Arab youth face high unemployment

On their international day, most unemployed in the Middle East are Arab youth. Ahmad Abdul-Rahman sheds light on recent figures from the ILO. 

Climate change, armed conflict and displacement are factors that clearly affect the economic performance of the economies in the Middle East. But so too does unemployment among Arab youth. 

On August 12, the world celebrated 1.2 billion young men and women between the ages of 15 and 24. It was the International Youth Day. It is this age group that is entrusted with the future of the planet. However, employment among this age group in the post-Corona era, the monkey pox era, Russia's war on Ukraine, economic turmoil, political crises, and social, educational and health dilemmas and climate change is high. It is no longer guaranteed that they can enter the workforce. To do so, the transition from education to the world of work is unlikely to be smooth. Securing a job for most youth will require economies in the world to perform better.

A troubled world

The world's labour market is troubled, especially among this age group. This is because this group is deeply affected by the myriad  of issues plaguing the world economy. The pandemic negatively affected youth employment opportunities and exacerbated the challenges facing them in the labour market. The number of unemployed youth this year is estimated to reach 73 million. No matter how bad, it is still better than last year, when the number of unemployed youth reached about 75 million. Nonetheless, 73 million remains higher than the unemployment rates for this group in the pre-pandemic years by about six million.

This assessment was made in a report by the International Labor Organization (ILO) on International Youth Day. It is entitled "Global Employment Trends 2022: Investing in Transforming the Future of Youth." It deals with youth work, unemployment, how to to get out of the unemployment crisis, and the opportunities that might arise. The trends cannot be described as promising or positive. 

More difficult situation for young women

Following traditional patterns, young women are in a more difficult situation than their male peers. For them, the employment rate is lower, reaching 27.4 per cent in 2022, compared to 40.3 per cent for males. This gender gap, which has not narrowed over the past two decades, is the greatest in middle- and low-income countries.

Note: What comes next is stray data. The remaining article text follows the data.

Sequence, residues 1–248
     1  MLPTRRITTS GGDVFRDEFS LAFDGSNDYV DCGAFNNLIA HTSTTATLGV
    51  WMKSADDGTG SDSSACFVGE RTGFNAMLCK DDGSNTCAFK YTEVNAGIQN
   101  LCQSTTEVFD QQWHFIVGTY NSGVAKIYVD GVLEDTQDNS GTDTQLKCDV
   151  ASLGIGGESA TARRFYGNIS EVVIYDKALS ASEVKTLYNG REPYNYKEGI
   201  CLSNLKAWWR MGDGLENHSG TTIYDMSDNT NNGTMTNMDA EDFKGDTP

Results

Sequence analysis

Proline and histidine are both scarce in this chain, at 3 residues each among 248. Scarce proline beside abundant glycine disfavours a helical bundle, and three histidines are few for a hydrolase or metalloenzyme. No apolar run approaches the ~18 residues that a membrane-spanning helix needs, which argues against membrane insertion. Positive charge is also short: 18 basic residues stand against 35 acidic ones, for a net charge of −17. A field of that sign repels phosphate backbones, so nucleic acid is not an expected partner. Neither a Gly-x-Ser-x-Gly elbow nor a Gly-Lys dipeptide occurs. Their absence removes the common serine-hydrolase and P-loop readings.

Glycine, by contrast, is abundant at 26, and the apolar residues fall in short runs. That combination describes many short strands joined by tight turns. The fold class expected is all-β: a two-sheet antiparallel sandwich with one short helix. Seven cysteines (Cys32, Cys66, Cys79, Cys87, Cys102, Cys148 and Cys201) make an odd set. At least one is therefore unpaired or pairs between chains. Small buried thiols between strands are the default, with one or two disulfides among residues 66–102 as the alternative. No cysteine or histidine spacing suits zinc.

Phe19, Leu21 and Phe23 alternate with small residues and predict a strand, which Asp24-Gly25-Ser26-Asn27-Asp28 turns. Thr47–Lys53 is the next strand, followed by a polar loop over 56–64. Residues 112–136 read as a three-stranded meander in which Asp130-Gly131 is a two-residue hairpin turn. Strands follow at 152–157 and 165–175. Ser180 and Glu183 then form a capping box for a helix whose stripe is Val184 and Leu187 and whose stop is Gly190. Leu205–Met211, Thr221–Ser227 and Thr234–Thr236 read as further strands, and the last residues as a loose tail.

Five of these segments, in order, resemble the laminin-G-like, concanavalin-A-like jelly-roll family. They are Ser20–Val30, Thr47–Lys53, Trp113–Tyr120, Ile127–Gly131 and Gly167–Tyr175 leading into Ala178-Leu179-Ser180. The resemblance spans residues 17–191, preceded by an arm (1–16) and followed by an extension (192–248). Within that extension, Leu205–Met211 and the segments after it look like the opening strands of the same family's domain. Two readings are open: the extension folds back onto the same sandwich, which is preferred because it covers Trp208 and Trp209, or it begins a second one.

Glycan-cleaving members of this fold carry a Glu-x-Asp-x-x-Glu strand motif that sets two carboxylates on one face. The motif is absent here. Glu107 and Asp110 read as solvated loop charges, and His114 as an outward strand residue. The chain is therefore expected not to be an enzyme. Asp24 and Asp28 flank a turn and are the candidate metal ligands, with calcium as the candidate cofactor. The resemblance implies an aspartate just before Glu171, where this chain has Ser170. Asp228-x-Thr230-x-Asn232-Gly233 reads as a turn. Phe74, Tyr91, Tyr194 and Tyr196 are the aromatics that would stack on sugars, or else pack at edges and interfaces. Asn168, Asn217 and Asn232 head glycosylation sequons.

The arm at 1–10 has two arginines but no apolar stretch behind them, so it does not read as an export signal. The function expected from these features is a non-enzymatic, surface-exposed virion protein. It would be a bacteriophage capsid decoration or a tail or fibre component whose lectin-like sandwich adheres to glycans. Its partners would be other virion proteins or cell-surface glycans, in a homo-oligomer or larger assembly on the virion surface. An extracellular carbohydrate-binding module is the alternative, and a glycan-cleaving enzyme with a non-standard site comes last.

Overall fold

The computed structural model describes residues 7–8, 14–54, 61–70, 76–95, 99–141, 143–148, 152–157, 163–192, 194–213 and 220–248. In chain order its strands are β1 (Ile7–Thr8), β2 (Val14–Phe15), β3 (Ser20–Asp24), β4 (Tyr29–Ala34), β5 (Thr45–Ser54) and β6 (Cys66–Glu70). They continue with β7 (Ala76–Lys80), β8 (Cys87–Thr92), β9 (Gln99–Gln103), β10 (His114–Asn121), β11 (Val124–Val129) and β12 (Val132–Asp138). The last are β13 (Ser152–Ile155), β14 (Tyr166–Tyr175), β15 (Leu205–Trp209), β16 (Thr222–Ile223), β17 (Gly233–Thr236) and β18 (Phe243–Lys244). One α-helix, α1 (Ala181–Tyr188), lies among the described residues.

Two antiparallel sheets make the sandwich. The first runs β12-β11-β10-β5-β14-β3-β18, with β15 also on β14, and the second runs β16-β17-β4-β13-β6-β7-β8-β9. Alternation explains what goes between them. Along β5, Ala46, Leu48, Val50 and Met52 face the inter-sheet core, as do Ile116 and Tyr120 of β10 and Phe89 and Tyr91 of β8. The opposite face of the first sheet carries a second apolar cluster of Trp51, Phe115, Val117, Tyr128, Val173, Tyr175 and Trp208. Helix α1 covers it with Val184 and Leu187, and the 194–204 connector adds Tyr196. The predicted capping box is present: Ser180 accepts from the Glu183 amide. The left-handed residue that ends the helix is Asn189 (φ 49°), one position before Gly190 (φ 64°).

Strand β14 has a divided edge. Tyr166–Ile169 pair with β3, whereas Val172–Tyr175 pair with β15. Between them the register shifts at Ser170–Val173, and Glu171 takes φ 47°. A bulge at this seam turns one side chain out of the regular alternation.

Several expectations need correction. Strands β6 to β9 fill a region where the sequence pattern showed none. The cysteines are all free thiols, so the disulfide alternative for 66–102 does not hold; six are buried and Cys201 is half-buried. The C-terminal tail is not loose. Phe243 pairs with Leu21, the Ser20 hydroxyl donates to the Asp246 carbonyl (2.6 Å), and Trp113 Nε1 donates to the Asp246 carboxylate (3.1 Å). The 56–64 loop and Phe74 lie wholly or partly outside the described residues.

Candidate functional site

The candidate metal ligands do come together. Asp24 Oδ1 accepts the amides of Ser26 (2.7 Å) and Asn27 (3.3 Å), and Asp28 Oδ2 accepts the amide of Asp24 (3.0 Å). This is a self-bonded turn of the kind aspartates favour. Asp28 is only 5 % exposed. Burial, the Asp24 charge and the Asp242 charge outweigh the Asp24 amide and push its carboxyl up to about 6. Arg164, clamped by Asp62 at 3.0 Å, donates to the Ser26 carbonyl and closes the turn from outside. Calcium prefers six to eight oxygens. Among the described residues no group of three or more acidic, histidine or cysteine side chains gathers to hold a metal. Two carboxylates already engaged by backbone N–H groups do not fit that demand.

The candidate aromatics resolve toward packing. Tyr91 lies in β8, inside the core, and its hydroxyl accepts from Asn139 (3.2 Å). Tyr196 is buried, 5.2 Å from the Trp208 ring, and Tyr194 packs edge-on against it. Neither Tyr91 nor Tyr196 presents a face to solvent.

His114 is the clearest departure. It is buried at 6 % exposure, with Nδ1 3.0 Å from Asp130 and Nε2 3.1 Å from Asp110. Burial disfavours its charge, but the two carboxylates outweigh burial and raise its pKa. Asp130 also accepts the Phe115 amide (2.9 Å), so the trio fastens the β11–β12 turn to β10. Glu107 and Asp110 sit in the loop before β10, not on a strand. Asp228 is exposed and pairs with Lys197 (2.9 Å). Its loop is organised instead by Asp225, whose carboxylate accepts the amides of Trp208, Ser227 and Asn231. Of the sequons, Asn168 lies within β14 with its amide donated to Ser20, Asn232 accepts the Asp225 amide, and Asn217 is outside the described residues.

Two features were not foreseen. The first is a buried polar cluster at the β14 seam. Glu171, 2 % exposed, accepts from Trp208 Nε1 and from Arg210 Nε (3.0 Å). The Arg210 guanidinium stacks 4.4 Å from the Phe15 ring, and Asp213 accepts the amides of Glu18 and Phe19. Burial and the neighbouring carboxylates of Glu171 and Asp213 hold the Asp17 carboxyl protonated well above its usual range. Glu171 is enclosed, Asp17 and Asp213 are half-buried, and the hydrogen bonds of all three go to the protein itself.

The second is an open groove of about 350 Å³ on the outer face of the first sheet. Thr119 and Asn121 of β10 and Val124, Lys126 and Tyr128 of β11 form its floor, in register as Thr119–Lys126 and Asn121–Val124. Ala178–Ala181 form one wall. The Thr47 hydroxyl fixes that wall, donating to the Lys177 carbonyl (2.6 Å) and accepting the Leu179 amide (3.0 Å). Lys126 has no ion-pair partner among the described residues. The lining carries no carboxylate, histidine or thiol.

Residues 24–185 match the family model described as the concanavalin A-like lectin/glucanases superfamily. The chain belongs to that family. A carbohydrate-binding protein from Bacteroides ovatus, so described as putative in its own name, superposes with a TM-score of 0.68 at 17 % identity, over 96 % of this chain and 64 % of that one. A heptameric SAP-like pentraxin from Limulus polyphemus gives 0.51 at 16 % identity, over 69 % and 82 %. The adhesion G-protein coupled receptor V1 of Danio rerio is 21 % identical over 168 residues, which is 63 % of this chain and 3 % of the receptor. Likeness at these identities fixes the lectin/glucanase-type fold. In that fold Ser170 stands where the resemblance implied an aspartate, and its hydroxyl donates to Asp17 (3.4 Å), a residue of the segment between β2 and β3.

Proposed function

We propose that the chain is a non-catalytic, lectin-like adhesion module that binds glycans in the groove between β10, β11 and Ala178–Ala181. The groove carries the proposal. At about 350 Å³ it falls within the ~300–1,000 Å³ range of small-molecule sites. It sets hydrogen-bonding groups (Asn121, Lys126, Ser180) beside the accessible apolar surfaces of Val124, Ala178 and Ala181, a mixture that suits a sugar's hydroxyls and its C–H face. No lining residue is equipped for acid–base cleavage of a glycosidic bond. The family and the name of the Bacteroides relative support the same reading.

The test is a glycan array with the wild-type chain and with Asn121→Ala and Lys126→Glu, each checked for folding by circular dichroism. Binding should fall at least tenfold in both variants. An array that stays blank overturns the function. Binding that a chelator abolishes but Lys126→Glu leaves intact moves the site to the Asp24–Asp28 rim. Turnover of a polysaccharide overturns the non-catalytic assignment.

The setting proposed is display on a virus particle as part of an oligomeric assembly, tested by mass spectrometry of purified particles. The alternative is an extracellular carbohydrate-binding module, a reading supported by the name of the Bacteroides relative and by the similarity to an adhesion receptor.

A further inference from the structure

Therefore, expectations are not high in middle and low-income countries in respect to improving employment rates and reducing unemployment among young people. This is unlike high-income countries, whose youth are expected to have the lower unemployment rates that prevailed in 2019 before the start of the pandemic.

The report says that Arab youth are the most affected by the economic stagnation that resulted from the Corona-virus pandemic. The effects of the pandemic were seen in the number of workplaces that closed their doors. Some were affected by the obstacles to global supply chains along with increases in energy and food prices, especially wheat. These prices were exacerbated by the situation in Ukraine, which led to rising inflation, to varying degrees, in all Arab countries.

Over the course of two years of the Corona-pandemic, large numbers of young people found themselves outside the labour market.  In Arab countries the report describes the situation as "fragile". It takes Lebanon as an example. In 2020, it imported 81 per cent of its wheat from Ukraine. Other countries in the region, such as Syria and Yemen, are also very dependent on Russia and Ukraine for wheat imports.

Climate, conflicts, and displacement

The report elaborates on the crises of Arab countries which has manifested itself in the lack of job opportunities for the region's youth.  Arab countries have the highest and fastest rate of unemployment among young people in the world in the age group from 15 to 24 years. This rate reached 25.9 per cent in 2021. Although the unemployment rate among Arab youth is expected to decrease by about one percent, the overall rate remains 10 per cent higher than the global average.

Young Arab women have the highest rate of unemployment in the world, which reached 42.5 per cent this year. This is twice the regional average for unemployment across all groups, and three times the global average.

Although there are clear differences between the countries of the Gulf Cooperation Council (GCC), the entire Middle East aims to achieve sustainable development goals, including youth unemployment.

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Friday, 19 April 2024